Humans have been using ambergris for a variety of purposes for over 1,000 years. Early Arab civilizations called it anbar and used it as incense, an aphrodisiac, and even medicine. During the 14th century, wealthy citizens hung it around their necks to ward off the bubonic plague. And King Charles II of Britain was even known to eat it with his eggs.

People knew that ambergris had mysterious, coveted properties — but they weren’t sure what it was. In fact, the very name for ambergris comes from the French ambre gris, or gray amber. Yet people weren’t sure if ambergris was a precious stone, a fruit, or something else entirely.

They had some theories. Various people and civilizations have described ambergris as dragon spittle, the secretion of some unknown creature, remnants of underwater volcanoes, or even seabird droppings.

Ninth-century Muslim writers described it as a regurgitated substance — helping to establish the “whale vomit” myth — and a 15th-century encyclopedia of herbal medicines postulated that ambergris may have been tree sap, seafoam, or perhaps even a type of fungus.

But whatever ambergris was, it soon became clear to these people that it could be extremely valuable. Even Melville wrote in Moby Dick of the irony that “fine ladies and gentlemen should regale themselves with an essence found in the inglorious bowels of a sick whale.”

Indeed, “whale vomit” remains a highly coveted substance today. When a group of Yemeni fishermen stumbled upon a 280-pound chunk of the stuff in the belly of a dead whale in 2021, they sold it for $1.5 million.

How “Whale Vomit” Is Used Today

North Sea Ambergris

Ecomare/Wikimedia Commons Ambergris found in the North Sea.

Today, ambergris remains a luxury ingredient. It’s used in high-end perfumes and sometimes even in cocktails. (For example, there’s an ambergris drink in London called the “Moby Dick Sazerac.”)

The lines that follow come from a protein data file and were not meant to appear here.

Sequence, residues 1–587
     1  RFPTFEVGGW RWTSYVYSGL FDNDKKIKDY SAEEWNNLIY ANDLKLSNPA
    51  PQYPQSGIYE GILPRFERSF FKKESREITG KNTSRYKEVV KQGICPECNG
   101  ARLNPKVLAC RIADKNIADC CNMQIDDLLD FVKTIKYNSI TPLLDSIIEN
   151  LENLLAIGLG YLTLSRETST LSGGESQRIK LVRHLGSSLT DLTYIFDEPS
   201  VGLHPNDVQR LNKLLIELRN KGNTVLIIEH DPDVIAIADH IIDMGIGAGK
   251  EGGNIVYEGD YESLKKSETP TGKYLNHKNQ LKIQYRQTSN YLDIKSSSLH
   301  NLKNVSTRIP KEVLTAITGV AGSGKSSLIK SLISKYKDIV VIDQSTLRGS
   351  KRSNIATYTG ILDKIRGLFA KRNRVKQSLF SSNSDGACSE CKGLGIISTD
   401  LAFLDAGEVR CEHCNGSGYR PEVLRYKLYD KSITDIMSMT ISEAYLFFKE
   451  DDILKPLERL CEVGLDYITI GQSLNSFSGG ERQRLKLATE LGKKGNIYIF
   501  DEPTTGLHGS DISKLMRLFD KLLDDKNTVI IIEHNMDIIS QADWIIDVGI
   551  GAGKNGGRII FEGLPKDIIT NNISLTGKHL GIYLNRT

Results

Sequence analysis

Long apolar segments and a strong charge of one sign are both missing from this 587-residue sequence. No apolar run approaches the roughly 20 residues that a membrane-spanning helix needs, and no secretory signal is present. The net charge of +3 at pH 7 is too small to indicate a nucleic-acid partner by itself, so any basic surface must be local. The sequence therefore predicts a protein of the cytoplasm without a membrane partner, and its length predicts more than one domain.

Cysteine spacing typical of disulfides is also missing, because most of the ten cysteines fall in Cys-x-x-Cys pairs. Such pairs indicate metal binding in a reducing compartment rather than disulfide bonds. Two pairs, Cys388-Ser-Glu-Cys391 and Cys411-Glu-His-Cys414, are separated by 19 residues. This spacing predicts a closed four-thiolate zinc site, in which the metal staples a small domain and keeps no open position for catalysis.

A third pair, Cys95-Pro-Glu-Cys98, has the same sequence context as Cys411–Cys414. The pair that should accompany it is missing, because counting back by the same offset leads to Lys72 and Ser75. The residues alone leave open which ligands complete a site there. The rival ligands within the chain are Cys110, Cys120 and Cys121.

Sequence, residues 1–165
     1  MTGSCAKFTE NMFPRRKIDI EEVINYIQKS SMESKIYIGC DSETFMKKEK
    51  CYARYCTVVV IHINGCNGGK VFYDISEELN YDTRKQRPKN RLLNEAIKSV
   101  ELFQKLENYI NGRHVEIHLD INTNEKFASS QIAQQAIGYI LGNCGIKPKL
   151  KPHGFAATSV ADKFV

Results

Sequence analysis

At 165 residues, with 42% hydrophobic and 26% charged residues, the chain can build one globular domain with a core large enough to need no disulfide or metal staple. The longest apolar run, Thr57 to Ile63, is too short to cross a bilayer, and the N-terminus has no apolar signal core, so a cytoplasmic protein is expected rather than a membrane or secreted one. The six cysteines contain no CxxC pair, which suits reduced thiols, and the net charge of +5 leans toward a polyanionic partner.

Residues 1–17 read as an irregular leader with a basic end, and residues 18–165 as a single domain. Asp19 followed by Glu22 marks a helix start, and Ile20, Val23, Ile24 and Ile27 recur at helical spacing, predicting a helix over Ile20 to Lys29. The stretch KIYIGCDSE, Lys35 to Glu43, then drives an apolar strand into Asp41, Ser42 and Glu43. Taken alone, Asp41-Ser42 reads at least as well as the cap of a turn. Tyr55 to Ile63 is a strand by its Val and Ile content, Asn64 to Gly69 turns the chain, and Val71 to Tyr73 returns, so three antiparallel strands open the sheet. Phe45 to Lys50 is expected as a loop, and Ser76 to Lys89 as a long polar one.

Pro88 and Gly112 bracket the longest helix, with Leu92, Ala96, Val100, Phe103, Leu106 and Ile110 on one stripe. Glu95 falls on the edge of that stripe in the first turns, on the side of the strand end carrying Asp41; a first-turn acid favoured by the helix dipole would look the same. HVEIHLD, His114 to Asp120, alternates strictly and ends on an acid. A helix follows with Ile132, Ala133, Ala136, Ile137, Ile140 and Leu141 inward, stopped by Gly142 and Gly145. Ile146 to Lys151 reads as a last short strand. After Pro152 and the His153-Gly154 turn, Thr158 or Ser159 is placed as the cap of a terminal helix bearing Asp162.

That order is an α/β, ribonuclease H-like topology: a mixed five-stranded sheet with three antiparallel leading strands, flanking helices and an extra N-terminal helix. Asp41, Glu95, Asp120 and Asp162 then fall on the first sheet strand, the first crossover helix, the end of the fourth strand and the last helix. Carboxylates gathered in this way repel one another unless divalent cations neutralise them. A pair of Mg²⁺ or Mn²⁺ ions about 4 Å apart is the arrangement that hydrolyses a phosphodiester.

But ambergris is not without significant controversy. Whalers often hunt sperm whales in search of “whale vomit” — as well as whale oil — which has decimated their populations. Today, there are laws to protect them.

In the United States, for example, ambergris is banned under the Marine Mammal Protection Act and the Endangered Species Act. But in the European Union, the Convention on International Trade in Endangered Species states that ambergris is something that is “naturally excreted” — and thus it can be bought and sold legally.

That said, there is a waning need for pure ambergris in most perfumes today. Synthetic versions of the so-called “whale vomit” began to emerge as early as the 1940s. That makes the need for scouring the beaches for amber rocks, or even killing sperm whales, less pressing for ambergris hunters.

Or does it? Some have argued that nothing can compare to pure ambergris. “The raw materials are absolutely magical,” said Mandy Aftel, a perfumer and an author who writes books on fragrances. “Its aroma affects everything else and that’s why people have pursued it for hundreds of years.”

So, the next time you spritz on a fancy perfume, just remember that its scent may have originated in the “inglorious bowels” of a sperm whale.

After learning about ambergris, read about the fisherman who was killed by a whale that he rescued. Then, check out the orcas that went on a killing spree in California.

Katie Serena
A former staff writer at All That's Interesting, Katie Serena has also published work in Salon.
John Kuroski
John Kuroski is the editorial director of All That's Interesting. He graduated from New York University with a degree in history, earning a place in the Phi Alpha Theta honor society for history students. An editor at All That's Interesting since 2015, his areas of interest include modern history and true crime.
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Serena, Katie. "Ambergris, The Rare ‘Whale Vomit’ Used In Perfume.", November 5, 2022, Accessed May 23, 2024.